One of the great challenges of life is to decipher the truth from the myth, a task that’s been made even more daunting with the advent of the internet. It seems like there’s no shortage of people who have wisdom to bestow upon you, and you are expected to take that wisdom at face value, rather than challenge its veracity or just simply make up your own mind about it. Myths about the outdoors have proliferated human society since the dawn of time, so we can’t really blame the internet for some of these, but we can blame it for perpetuating nonsense. So with that spirit, we bring you 3 outdoor myths that you can stop believing this instant.
“Daddy long legs are highly venomous spiders; their mouths are just too small to bite.”
Sigh. The poor daddy long legs. There are a substantial number of spiders in the world that should frighten you with their venomous potential, but this long-legged guy just isn’t one of them. In fact, they are in the arachnid class, but are actually not spiders at all. Hailing from the Opiliones order, these creatures, also known as harvestmen, are fundamentally different from spiders in several ways. Firstly, they do not have venom glands in their chelicerae, the mouthparts of arachnids, crabs, and sea spiders. They do not have silk glands and do not build webs. Instead of being the skilled predators spiders are, harvestmen are omnivorous forage feeders of insects and plants, and scavengers of decomposing and fecal material. And lastly, they enjoy and even seek out the company of other harvestmen, something spiders are not typically known to do. So the next time someone warns you about a daddy long legs, you can smile on the inside because you know you’re safe.
“Poison oak/ivy/sumac rash is contagious.”
While the ensuing rash from a brush with poison ivy, oak, or sumac certainly looks terrifying, you’ve no need to worry about contracting it from a hapless victim. To be fair, this myth is mostly incorrect. If someone you know has been in contact with one of these poisonous plants and has not yet washed their skin and clothes, you could be at risk of also being in contact with the plant, because it is the oils, or urushiols, of these plants that cause a rash. Urushiol is an allergen, which triggers an allergic reaction in the form of rash, swelling, blistering, pain, and itching, the severity of which all depends on how much of the plant came into contact with your body — including clothes and objects like tools or cameras. The only defense is to steer clear of any person, their clothing, and things they’ve touched until it all has been thoroughly washed. Only then will you escape the evil clutches of a poisonous plant rash. But the rash itself? It has no more chance of being transferred to another person than a cut on your finger.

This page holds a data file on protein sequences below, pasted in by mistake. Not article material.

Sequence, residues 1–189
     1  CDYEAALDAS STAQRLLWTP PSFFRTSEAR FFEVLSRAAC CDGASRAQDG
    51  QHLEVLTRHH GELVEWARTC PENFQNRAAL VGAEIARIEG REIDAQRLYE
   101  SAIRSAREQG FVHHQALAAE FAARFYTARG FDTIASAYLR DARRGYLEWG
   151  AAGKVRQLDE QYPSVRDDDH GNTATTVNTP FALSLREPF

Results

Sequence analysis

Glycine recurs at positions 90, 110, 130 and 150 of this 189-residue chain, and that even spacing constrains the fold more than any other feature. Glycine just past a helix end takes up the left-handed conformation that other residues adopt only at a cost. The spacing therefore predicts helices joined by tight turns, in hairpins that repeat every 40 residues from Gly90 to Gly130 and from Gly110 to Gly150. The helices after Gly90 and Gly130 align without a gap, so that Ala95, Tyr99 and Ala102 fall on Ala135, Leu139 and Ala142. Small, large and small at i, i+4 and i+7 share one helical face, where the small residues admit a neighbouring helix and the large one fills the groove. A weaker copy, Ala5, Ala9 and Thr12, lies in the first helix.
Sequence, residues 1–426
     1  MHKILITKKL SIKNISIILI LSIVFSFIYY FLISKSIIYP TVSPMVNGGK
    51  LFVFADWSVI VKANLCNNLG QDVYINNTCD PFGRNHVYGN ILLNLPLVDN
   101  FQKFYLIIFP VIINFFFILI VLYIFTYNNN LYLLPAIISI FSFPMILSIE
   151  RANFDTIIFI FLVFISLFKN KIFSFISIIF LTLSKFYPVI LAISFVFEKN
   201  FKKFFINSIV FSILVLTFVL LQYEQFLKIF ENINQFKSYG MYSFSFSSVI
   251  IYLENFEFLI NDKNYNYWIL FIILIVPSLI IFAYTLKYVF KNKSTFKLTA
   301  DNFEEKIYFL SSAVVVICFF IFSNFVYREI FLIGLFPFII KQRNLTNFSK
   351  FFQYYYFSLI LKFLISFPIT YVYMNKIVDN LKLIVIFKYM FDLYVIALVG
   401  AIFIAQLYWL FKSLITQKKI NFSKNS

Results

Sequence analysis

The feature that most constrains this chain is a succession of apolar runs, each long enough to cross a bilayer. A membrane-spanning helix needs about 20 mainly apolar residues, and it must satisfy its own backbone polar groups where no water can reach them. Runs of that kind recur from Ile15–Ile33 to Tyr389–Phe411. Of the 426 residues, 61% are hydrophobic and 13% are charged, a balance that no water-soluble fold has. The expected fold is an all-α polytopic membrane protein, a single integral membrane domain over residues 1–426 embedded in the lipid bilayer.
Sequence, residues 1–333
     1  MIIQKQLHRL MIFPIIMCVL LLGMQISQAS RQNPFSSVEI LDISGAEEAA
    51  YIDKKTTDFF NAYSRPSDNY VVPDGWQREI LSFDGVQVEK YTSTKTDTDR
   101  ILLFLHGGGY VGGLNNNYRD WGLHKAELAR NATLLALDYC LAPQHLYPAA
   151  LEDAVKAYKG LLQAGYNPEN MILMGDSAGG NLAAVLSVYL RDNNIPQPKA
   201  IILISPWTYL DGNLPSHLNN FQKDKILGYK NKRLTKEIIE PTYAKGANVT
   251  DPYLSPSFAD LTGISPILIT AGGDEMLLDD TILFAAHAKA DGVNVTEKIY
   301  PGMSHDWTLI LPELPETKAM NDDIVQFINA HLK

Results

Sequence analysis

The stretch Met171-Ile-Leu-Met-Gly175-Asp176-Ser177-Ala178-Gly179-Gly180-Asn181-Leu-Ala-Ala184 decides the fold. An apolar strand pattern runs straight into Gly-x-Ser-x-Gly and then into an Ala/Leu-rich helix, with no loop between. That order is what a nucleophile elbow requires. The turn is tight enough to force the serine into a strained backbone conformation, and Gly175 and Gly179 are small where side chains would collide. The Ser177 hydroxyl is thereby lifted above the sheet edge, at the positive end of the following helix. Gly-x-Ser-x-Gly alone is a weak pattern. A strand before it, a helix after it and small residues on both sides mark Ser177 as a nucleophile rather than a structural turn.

“If humans touch wild bird eggs/chicks, they will be abandoned by the parent.”
There are some animals in the wild who are indeed affected by human scent in or near their nesting grounds to the point that they will abandon their own offspring, born or unborn, but birds are not among those who exhibit this behavior. Birds have an extremely poor sense of smell, so you could slather an egg or chick in human scent and it wouldn’t make an ounce of difference. This myth no doubt began as a way to deter good Samaritans from interfering when they see what they perceive to be a crisis, when really it’s just nature at work, teaching the bird to fly. If you find an egg or a nestling on the ground, if they are not physically harmed and you can locate the nest, by all means, put them back in their rightful place. However, if you happen upon a fledgling, who will have significantly more feathers and defined features than a nestling, better to leave it where you find it. Fledglings of many bird species are known to spend time on the ground or in low branches after leaving the nest while they develop their flight skills.
Top image via Valerie Everett